Tables are still needed ?

Discussion in 'HTML' started by Chris Leonard, Sep 18, 2003.

  1. I'm looking at redesigning my site without using tables and just using DIVs
    with CSS.

    Question: I have at the moment a menu bar running from top to bottom on the
    lefthand side of the page. The whole bar is made of one table with each item
    sitting in it's own cell. when ever you move the mouse over the cell the
    background changes colour - it's not as tacky as it sounds!

    So, how would I still do this without using tables ? lots of small boxes ?

    Any ideas of help would be appreciated please, thanks

    Chris
     
    Chris Leonard, Sep 18, 2003
    #1
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  2. Chris Leonard

    rf Guest

    "Chris Leonard" <> wrote in message
    news:bkda7r$nh1$...
    > I'm looking at redesigning my site without using tables and just using

    DIVs
    > with CSS.
    >
    > Question: I have at the moment a menu bar running from top to bottom on

    the
    > lefthand side of the page. The whole bar is made of one table with each

    item
    > sitting in it's own cell. when ever you move the mouse over the cell the
    > background changes colour - it's not as tacky as it sounds!
    >
    > So, how would I still do this without using tables ? lots of small boxes ?


    Yep, lots of small boxes. Don't throw <div>s at it though. Make the boxes
    out of the links themselves:

    ..nav {width: 6em; position: absolute;}
    /* don't use float: left for this, this makes IE only change the colour if
    the cursor is over the actual text of the link, not within the entire box */
    ..nav a
    {
    margin: .5em;
    border: solid 1px black;
    background-color: #f8f0c0;
    padding: .5em;
    display: block;
    }
    ..nav a:hover {background-color: #cfc;}

    <div class="nav">
    <a href="#">link 1</a>
    <a href="#">link 2</a>
    <a href="#">link 3</a>
    <a href="#">a very long link that uses up more than one line</a>
    </div>

    With the above it's a simple matter to, say, decide to have the navigation
    bar horizontal and at the top of the page. Just change the CSS and every
    page on the site changes.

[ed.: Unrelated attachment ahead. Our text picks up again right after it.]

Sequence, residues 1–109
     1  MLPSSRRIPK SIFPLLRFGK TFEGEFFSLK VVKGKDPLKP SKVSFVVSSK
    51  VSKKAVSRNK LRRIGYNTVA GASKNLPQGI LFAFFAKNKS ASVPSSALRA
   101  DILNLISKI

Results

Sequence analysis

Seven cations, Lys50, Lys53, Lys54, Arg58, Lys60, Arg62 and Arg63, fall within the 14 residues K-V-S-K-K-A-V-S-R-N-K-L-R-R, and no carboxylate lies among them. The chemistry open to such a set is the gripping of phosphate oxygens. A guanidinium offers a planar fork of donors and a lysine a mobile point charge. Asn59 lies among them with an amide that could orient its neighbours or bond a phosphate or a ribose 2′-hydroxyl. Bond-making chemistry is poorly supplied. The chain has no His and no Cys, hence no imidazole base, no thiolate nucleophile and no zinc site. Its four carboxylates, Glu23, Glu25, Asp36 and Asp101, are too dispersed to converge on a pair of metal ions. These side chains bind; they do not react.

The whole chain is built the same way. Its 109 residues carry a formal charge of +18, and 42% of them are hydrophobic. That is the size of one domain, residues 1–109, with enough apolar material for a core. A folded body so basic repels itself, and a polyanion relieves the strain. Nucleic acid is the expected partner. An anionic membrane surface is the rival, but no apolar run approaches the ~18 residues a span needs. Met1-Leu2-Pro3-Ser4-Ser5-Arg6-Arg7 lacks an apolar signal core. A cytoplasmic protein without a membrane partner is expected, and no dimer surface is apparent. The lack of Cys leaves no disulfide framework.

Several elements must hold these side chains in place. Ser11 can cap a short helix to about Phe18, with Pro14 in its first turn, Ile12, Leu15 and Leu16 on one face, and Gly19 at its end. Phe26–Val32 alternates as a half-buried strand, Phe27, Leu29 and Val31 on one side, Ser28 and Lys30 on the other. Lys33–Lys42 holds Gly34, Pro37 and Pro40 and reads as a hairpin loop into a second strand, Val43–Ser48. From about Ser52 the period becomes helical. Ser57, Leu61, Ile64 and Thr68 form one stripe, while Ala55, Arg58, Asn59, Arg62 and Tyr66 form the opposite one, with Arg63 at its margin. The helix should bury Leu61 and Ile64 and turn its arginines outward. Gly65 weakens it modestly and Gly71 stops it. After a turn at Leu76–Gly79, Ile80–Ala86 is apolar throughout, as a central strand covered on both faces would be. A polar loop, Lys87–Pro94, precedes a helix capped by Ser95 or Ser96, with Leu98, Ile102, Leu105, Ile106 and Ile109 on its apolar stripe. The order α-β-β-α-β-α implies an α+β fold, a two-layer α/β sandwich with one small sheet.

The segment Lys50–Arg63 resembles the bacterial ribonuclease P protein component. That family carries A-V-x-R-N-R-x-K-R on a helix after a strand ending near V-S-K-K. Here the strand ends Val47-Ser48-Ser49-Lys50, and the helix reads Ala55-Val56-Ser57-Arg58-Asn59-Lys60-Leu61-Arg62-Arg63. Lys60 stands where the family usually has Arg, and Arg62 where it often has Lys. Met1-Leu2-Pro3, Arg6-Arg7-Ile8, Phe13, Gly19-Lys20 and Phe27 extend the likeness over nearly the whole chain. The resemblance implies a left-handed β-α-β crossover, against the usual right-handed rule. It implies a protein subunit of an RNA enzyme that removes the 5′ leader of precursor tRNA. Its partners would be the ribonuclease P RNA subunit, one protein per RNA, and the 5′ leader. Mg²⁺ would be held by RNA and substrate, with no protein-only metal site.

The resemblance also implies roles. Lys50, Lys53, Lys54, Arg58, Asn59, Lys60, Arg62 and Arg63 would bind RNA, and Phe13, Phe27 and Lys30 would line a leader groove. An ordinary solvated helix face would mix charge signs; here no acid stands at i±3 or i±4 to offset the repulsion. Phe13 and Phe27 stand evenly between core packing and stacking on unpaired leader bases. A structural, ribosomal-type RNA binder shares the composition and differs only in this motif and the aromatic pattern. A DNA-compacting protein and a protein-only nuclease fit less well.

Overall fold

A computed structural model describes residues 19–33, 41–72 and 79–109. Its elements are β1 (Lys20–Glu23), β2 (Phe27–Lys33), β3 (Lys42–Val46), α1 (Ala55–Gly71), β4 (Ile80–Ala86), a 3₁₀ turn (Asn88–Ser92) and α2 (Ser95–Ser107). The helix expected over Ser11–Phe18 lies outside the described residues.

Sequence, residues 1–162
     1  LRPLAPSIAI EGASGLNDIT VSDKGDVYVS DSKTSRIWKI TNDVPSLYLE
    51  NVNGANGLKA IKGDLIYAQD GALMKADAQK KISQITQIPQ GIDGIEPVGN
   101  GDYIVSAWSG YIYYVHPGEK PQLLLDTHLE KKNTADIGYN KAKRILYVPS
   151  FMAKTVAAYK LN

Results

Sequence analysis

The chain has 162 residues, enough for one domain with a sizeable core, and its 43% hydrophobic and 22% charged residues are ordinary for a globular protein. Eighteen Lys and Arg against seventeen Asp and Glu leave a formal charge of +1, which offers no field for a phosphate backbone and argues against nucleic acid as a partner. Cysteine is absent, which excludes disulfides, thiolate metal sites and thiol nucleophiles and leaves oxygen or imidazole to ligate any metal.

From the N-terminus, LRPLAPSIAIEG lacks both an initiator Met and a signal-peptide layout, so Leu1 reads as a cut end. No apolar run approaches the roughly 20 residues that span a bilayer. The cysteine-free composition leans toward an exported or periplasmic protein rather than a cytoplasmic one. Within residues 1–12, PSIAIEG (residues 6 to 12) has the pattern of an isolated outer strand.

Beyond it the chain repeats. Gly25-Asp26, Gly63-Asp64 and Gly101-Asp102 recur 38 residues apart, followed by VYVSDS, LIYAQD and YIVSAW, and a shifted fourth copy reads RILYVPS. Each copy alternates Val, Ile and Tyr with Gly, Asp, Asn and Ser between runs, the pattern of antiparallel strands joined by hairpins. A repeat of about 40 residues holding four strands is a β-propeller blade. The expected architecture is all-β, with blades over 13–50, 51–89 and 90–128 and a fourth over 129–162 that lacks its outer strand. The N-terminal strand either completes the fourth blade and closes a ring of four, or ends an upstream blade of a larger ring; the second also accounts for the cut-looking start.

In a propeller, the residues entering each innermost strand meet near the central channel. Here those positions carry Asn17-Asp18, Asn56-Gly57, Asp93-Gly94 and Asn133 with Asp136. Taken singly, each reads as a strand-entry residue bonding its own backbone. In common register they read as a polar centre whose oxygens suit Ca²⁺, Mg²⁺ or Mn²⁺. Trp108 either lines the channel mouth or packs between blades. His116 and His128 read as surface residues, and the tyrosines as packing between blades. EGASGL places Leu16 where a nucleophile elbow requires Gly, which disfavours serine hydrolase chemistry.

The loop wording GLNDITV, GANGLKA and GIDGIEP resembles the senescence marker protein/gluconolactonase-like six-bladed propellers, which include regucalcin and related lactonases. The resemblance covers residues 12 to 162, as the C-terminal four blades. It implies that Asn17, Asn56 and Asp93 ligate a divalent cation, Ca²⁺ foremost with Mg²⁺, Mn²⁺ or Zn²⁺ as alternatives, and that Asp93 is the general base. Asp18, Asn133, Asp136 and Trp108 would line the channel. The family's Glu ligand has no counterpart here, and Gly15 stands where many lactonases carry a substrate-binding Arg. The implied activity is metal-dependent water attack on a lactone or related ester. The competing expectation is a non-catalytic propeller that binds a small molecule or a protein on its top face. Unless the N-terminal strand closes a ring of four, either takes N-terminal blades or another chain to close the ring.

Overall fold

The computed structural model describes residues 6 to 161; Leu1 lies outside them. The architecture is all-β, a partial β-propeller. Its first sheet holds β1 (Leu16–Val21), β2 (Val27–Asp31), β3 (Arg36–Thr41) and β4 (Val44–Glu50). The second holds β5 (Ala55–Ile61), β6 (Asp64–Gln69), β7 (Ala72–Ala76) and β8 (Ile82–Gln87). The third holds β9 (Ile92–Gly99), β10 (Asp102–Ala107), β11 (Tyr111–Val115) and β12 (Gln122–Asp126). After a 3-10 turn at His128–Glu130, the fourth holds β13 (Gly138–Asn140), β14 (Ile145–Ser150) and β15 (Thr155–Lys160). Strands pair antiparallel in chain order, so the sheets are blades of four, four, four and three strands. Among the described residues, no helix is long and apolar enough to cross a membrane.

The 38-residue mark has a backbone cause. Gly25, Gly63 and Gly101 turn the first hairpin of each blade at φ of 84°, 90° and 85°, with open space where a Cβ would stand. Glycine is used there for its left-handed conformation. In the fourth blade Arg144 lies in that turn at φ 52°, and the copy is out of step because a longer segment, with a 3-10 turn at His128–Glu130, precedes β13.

Cheers
    Richard.
     
    rf, Sep 18, 2003
    #2
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  3. Chris Leonard

    Nico Schuyt Guest

    Chris Leonard wrote:
    > Question: I have at the moment a menu bar running from top to bottom
    > on the lefthand side of the page. The whole bar is made of one table
    > with each item sitting in it's own cell. when ever you move the mouse
    > over the cell the background changes colour - it's not as tacky as it
    > sounds!
    > So, how would I still do this without using tables ? lots of small
    > boxes ?


    http://www.alistapart.com/stories/taminglists/
    Look at "In the Real World", almost at the end of the page.
    Good luck!
    Nico
     
    Nico Schuyt, Sep 19, 2003
    #3
  4. "rf" <> wrote in message news:<iIqab.110816$>...
    > Don't throw <div>s at it though. Make the boxes
    > out of the links themselves:


    What about browsers that don't support CSS (or have it disabled)?
     
    Leif K-Brooks, Sep 19, 2003
    #4
  5. Chris Leonard wrote:

    > Question: I have at the moment a menu bar running from top to bottom on
    > the lefthand side of the page. The whole bar is made of one table with
    > each item sitting in it's own cell. when ever you move the mouse over the
    > cell the background changes colour - it's not as tacky as it sounds!
    >
    > So, how would I still do this without using tables ? lots of small boxes ?


    Same as always - start by describing the semantics of the data.

    What is a menu? Its a _list_ of choices.

    So you'd have:

    <ul>